this month, with the old gaudy orange interface soon going away.  Two primary ways to access material are by using the search box at the top and browsing by disciplines listed along the left side. Users can access the advanced search page by clicking on the cog icon appearing next to the search box.

The new site contains tens of thousands of books to read and download.  Creating a personal account opens up more features and soft copies of books can be purchased for $24.95.

A new mini-site Springer Realtime was also launched that displays info-graphics like real-time user locations on a world map, a tag cloud of top search words and Twitter-like feed showing top title downloads. For coolness factor, check out the Icons page as it drop covers Matrix-style.

 

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New Engineering Research Guide

If you’re looking for a quick and easy way to access online resources for engineering, check out the new research guide at http://guides.smu.edu/engineering.  This new site integrates all the prior research guides serving the engineering program, and adds new pages for mechanical engineering, senior design project and graduate resources.

This guide is important for off-campus users as database links are proxy-enabled, which means by using them you’ll be authenticated as an SMU user before going onto IEEE Xplore and other private databases.

The guide features a new search on the home page.  Called “Engineering Search Widget”, it uses the same Discover SMU search engine with a focus on our subscribed engineering resources.

Check it out!

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Harnessing Databases Seminar Slide Deck

We wrapped up our second and final session of “Harnessing Databases for Better Research” and most of our attendees wanted to get a copy of the slide deck we used.  Here’s the link:

HarnessingDatabases_Fall2012

Next semester we’re planning more seminars for graduate students.  Stay tuned!

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Mexican Drug Cartels Kidnap Engineers

Mexican Cartels Enslave Engineers to Build Radio Network
By Robert Beckhusen
Wired.com, November 1, 2012

One gruesome side effect of the rise of large drug cartels in Mexico is personal safety of engineers. The Zeta cartel, one of the largest criminal organizations, built and maintains a radio network through kidnapping and enslaving computer and network engineers. Engineers and technicians from IBM and ICA Fluor Daniel have gone missing over the past four years, never to be heard from again. Despite efforts from the Mexican military to locate and dismantle radio towers, cartels continue to add new ones in even more remote areas.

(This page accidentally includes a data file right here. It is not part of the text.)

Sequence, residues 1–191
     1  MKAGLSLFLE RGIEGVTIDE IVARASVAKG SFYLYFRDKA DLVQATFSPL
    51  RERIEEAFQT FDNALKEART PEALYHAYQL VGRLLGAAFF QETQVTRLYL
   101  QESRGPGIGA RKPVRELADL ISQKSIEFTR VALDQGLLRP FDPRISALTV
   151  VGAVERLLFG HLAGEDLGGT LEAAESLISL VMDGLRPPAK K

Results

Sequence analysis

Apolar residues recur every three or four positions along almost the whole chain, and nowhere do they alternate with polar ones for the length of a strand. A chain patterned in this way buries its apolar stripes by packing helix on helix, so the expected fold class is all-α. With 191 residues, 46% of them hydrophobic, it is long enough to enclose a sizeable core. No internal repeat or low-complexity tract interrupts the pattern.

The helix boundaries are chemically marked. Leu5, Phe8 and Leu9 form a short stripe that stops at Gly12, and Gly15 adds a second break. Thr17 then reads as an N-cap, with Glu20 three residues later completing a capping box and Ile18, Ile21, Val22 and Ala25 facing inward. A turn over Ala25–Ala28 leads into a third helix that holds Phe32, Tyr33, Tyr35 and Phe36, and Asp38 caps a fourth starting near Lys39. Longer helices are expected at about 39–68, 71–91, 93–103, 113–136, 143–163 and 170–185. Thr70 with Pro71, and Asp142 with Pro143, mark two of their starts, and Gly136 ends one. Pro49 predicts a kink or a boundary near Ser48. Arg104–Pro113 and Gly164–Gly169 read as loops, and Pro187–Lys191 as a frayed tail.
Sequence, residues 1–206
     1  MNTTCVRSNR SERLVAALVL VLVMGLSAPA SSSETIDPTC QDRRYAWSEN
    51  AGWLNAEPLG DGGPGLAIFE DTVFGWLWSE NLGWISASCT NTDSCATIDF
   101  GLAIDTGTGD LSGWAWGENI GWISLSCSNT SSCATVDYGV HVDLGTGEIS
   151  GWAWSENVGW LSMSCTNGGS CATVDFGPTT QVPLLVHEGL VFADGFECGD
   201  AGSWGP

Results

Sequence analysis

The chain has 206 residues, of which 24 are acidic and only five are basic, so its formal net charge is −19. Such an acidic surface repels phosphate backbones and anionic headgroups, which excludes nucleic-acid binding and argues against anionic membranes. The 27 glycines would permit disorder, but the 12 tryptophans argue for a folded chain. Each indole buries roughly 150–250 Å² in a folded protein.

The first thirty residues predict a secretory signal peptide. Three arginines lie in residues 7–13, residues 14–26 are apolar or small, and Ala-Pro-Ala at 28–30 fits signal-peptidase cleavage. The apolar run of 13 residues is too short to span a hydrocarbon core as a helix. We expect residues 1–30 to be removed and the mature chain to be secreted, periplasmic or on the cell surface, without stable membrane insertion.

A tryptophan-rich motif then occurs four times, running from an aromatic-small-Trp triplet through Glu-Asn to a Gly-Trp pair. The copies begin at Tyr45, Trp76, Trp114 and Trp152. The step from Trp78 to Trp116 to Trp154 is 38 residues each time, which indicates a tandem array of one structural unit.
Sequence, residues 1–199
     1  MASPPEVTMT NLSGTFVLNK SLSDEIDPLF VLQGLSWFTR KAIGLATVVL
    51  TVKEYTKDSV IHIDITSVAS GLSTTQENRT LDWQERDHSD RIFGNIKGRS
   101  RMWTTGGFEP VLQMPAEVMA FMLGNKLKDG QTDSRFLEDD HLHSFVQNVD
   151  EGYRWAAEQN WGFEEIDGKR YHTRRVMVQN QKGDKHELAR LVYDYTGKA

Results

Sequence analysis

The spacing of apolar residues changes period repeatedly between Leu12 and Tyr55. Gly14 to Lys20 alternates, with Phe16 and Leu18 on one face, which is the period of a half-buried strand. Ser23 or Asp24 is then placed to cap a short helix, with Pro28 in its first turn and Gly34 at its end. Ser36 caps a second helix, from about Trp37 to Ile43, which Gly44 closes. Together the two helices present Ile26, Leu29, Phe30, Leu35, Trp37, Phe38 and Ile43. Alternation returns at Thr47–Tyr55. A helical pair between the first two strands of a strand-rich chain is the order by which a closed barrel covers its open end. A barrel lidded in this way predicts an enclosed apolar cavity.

Narco Radio Tower Seized in Veracruz

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Peek Inside Data Center Innovation

Google Throws Open Doors to Its Top-Secret Data Center
By Steven Levy
Wired.com, October 17, 2012

North Korea has nothing on the nature of secrets when compared to Google’s data centers. For years reporters, competitors and network nerds have tried to find out how Google works their magic of delivering greater amounts of data faster every day.  Did you know they are the masters of server farm cooling? Or they’ve built much of their own equipment since 1999? If your future direction is to work or operate a data center, check this out!

Explore a Google Data Center

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Other Voices, Other Blogs: ScienceDebate.org

Curious about presidential candidate’s position on science issues?  So are the National Academies, the Council on Competitiveness and a host of professional and academic groups, which created the web site ScienceDebate.org.  The site hosts “Barack Obama’s and Mitt Romney’s answers to the top American science questions: 2012” a series of questions and answers posted to both candidates. Issues of federal research funding, science education, climate change, and energy are addressed. The site also serves as a hub to news and opinion regarding the presidential race and its impact on the sciences.

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Library Services – Interlibrary Loan

While we often boast of our 2+ million books and having access to thousands of journals at our fingertips, SMU libraries doesn’t have the budget or space to acquire everything. Interlibrary loan (ILL) is one of our workhorse services, giving us the ability to borrow materials from around the world. Recently SMU joined the Greater Western Library Alliance (GWLA), a consortium of 32 research libraries in the central and western US. One big impact of joining this consortium is the speed we can get materials, dropping from weeks to days or even hours. If you’ve been dissatisfied with the time it takes to get books or articles in the past, I suggest you give ILL another try – you’ll likely be surprised!